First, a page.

First corporations wanted to be treated like people, so they could give more money to influence elections.
Now they want your blood.
Honeywell International, founded in Minnesota, recently implemented a plan to reduce health care costs and promote healthy living for employees.
Sounds good so far.
But the company went a step further by penalizing workers financially if they and their spouses refused to agree to a biometric testing.
That's a harmless enough sounding concept. But what it means is you let medical providers for the company draw blood to check for health problems, such as diabetes. It means they would also would test you, and your spouse, for blood pressure, HDL, total cholesterol and glucose.
Oh, and they'd need your height and weight, and that of your spouse. And while they're at it, let's run a tape measure around your waistline to see how you are doing with that diet.
Failure to agree to the tests brings a hefty price, up to $4,000 per family in penalties and lost company contributions.
The U.S. Equal Employment Opportunity Commission said this goes too far. The agency filed suit in federal court in Minneapolis last week in behalf of two Minnesota employees, saying the health screening and penalties violate the Americans with Disabilities Act and the Genetic Information Nondiscrimination Act.
The EEOC said refusing Honeywell's program means a loss of $1,500 in company contributions to health savings accounts, a $500 medical plan surcharge, a $1,000 tobacco surcharge and a $1,000 spousal tobacco surcharge.
The EEOC says that such harsh financial repercussions virtually force employees to bow to the company's edict, and thus it is not really voluntary.
In fairness, Honeywell is trying to get employees to be healthier while saving money on medical care. It said the EEOC was "woefully out of step with the health care marketplace."
I'd say Honeywell was woefully out of step with keeping out of people's business when they are off the job.
I'm all for "incentives" that get workers healthier: discounted gym memberships, weight loss groups, healthy choices in cafeterias, discounts for nonsmokers.
But in this case they have gone beyond "incentives" to punishment for personal choices that may or may not be affecting workers' health.
They've gone from the carrot to the stick.
If you were bothered when New York Mayor Michael Bloomberg tried to ban giant sodas because you thought it was government overreach, you should be bothered by this. Corporations as the new nanny state.
It's ludicrous to think a man can be penalized by his employer because his wife won't comply with a company rule. She might be a marathon runner, for all they know, who simply finds the company's tests intrusive and insulting.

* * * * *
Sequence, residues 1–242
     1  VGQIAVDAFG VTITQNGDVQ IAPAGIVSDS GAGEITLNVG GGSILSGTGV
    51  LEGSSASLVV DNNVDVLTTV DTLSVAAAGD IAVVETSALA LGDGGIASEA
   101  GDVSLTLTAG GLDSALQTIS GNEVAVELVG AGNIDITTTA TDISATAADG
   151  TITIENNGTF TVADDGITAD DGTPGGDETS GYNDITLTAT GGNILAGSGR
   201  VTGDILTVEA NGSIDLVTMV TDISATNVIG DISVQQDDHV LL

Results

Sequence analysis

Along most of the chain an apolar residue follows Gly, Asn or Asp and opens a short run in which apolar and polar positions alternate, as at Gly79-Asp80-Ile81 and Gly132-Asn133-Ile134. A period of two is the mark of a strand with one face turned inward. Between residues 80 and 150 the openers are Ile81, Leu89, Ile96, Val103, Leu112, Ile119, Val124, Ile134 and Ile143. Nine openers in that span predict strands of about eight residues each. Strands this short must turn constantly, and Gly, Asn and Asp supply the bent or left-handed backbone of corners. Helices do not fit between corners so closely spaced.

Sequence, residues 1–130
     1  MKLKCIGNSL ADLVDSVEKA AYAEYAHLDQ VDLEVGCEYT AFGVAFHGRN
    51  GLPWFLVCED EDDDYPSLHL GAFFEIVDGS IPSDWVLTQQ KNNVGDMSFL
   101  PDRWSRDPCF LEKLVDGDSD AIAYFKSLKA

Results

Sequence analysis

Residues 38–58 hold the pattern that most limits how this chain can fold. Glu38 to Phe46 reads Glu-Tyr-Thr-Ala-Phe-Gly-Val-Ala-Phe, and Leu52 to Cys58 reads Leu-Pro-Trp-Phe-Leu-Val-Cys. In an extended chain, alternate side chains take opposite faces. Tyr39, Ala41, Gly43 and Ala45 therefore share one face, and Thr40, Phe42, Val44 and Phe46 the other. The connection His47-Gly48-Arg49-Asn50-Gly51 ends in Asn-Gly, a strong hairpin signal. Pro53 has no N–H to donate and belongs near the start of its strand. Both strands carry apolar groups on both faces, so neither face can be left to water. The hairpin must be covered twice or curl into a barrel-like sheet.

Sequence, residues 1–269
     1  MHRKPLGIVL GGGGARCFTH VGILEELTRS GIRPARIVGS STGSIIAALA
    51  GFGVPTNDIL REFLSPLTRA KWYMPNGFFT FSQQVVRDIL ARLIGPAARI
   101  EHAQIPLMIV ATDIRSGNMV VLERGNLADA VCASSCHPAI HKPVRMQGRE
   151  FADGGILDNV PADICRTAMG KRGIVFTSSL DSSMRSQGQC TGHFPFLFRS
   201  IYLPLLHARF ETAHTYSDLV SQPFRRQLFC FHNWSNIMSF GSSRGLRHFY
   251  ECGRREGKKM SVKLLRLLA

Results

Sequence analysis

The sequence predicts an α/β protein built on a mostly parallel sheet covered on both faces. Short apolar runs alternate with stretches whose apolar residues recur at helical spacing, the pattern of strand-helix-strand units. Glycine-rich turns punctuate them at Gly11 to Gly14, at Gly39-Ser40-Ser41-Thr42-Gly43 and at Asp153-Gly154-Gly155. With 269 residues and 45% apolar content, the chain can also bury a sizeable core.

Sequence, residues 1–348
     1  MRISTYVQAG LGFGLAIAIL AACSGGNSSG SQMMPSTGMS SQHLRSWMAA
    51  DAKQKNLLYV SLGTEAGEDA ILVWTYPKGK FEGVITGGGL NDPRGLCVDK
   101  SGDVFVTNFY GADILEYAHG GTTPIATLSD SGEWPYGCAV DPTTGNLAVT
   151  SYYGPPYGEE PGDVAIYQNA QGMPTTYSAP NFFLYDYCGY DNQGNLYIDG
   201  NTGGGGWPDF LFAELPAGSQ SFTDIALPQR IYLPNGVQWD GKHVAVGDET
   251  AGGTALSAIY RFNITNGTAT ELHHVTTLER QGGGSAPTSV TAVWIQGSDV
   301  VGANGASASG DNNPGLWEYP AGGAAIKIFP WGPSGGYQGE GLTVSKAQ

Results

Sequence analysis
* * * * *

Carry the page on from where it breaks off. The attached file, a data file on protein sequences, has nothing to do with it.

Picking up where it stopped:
Honeywell said in a statement that the medical details "are strictly confidential and not shared with the Company."
Then what are they for?
According to the lawsuit, "Honeywell initially told its employees that it would use the results of the biometric tests to impose goals on the employees where they would be required to reduce their risk factors."
Honeywell has since said it has delayed this part of the program, and has not decided whether it will revisit the use of biometrics to set goals.
In other words: Hit the treadmill or else.
Rich Neumeister, a privacy advocate, has worked on legislation to protect employees from employer oversight while off the job.
"Minnesota has a strong history of statutes to keep the employer … from getting into your private business,'' Neumeister said. "What I do after hours or what I eat or drink is not their concern."
The company said its health plan complies with — or even results from — the Affordable Care Act. The federal law does promote employer incentives for preventive care, that's true.
But think about it: One of the main selling points of the ACA was to prevent insurance companies from denying or punishing customers for prior health issues. Honeywell's new policy in practice does exactly that.
Chuck Samuelson, executive director of the American Civil Liberties Union of Minnesota, said he was "very surprised and a little bit disturbed" by Honeywell's plan. It's not a civil rights issue, but rather an employee rights issue.
"This is a way to count their pennies," said Samuelson. "It's about saving money."
Samuelson said companies often initiate health plans to save money, but then still insist on such things as heavy overtime, "which is profoundly unhealthy," he said.
My dad worked for Honeywell, assembling thermostats and devices for their defense business. He gave them 30 years of his sweat, but I'm pretty sure he would never give them his blood.